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It would be an understatement to say the COVID-19-induced shutdowns and slowdowns have changed the way leaders think about their operations and supply chains. It would also be misleading to think this is a unique or short-term event. For many industries, supply chain reliability has been challenged for the past decade due to a variety of geo-political, economic, and environmental forces.
In fact, many companies have been reconsidering the design and location of their supply chains for the last 10 years or so. A variety of American companies such as Apple, Caterpillar, Whirlpool, and Merck & Co. have already reshored parts of their supply chains back to the U.S. for a variety of business reasons. This might be just the tip of the iceberg. The political rise and election of Donald Trump brought a ”Made in America” mantra to government intent and policy, specifically as it relates to the manufacturing sector. Moreover, there has been a realization in many industries and companies that going offshore does not automatically bring cheaper, higher quality goods and services. In Canada, research for Canadian banking clients that showed that certain software development services, like testing, could be delivered in Canada at a lower cost and risk profile versus India. Finally, there is growing evidence the number of low probability / high impact disruptions like Japan’s Fukushima nuclear reactor disaster and the COVID-19 pandemic are increasing, throwing supply chains into disarray.
Undoubtably, these factors are influencing how Canadian manufacturers, business services firms, and retailers are planning their own supply chain and operational strategies. Right now, most companies are coping with the effects of COVID-19 – a disruption with impacts that may persist for years. In this environment it is likely you are dealing with increased costs from new safety measures, supply chain disruptions, lower labour productivity (due to work slowdowns and worker absences), and the new investment required to implement new delivery or production schemes. At the same time, you may be experiencing catastrophic falls in consumer demand approaching 95 percent of your typical revenue. Yes, government stimulus efforts have helped significantly but managers would be wise not to count on them beyond 2020.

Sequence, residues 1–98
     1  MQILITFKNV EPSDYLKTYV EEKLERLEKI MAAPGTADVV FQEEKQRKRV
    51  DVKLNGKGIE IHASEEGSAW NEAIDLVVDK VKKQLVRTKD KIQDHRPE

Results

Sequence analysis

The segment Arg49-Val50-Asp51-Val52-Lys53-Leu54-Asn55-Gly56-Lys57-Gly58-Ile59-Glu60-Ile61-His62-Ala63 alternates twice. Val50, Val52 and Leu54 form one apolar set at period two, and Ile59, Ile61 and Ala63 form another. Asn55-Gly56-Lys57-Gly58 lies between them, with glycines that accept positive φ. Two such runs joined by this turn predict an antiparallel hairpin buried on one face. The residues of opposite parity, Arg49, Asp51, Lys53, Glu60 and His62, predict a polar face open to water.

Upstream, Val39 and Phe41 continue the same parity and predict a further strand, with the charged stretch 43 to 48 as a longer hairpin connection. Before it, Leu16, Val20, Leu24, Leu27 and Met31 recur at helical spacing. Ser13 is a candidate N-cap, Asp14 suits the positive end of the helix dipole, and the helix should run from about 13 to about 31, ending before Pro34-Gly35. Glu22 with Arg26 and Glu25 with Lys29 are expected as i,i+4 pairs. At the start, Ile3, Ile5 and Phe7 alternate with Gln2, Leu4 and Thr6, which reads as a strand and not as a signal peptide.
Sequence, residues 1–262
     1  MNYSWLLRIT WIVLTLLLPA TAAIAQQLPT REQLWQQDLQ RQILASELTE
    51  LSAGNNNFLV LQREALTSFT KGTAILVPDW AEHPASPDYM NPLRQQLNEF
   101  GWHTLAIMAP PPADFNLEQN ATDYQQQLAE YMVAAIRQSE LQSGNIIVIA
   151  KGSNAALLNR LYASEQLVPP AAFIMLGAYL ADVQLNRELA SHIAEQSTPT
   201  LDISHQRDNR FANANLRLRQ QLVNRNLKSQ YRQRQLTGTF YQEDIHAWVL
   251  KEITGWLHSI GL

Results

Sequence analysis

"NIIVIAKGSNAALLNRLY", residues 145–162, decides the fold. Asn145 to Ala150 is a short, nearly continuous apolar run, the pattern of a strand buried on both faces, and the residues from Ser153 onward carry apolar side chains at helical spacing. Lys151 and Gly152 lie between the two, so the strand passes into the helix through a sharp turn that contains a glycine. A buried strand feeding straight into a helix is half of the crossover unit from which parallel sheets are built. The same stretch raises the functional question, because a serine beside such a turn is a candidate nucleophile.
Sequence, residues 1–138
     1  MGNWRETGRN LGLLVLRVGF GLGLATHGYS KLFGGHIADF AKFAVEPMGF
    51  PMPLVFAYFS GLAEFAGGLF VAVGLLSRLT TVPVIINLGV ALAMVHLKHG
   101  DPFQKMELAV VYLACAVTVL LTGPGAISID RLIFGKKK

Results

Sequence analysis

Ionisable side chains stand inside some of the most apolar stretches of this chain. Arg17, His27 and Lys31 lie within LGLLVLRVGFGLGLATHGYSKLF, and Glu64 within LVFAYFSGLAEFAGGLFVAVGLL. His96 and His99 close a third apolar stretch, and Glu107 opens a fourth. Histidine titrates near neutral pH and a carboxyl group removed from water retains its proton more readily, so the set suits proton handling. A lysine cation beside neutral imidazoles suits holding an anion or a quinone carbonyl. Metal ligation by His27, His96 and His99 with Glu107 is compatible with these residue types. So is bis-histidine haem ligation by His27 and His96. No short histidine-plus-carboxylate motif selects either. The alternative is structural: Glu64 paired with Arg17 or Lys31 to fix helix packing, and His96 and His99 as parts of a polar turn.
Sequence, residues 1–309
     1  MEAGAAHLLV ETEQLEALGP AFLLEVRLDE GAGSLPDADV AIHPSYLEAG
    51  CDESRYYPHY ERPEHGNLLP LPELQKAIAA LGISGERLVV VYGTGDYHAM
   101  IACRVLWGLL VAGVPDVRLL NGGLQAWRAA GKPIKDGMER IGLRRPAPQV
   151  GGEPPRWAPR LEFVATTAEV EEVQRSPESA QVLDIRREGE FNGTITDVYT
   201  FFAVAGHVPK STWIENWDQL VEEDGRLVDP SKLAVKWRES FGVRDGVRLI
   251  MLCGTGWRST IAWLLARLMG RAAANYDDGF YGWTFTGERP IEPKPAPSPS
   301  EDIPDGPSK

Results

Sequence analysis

The next couple of years may not necessarily be rosier. An overall slowdown in the global economy can further depress consumer spending and business investment, triggering an extended recessionary environment. The challenging state of government finances right now can easily result in higher taxes or interest rates tomorrow, further dampening a recovery. Finally, looming on the horizon is a potential China-U.S. trade war, increasing the complications of supply chains and raising costs.
In these difficult and uncertain times, prudent companies will want to refashion their operational and supply chain strategies to cope with disruptions and minimize cost. The CEO and COO’s imperative should be on increasing enterprise resilience and adaptability – and ultimately creating a platform for renewed, profitable growth.
Fortunately, leaders have a variety of strategic choices available, five of which are summarized below: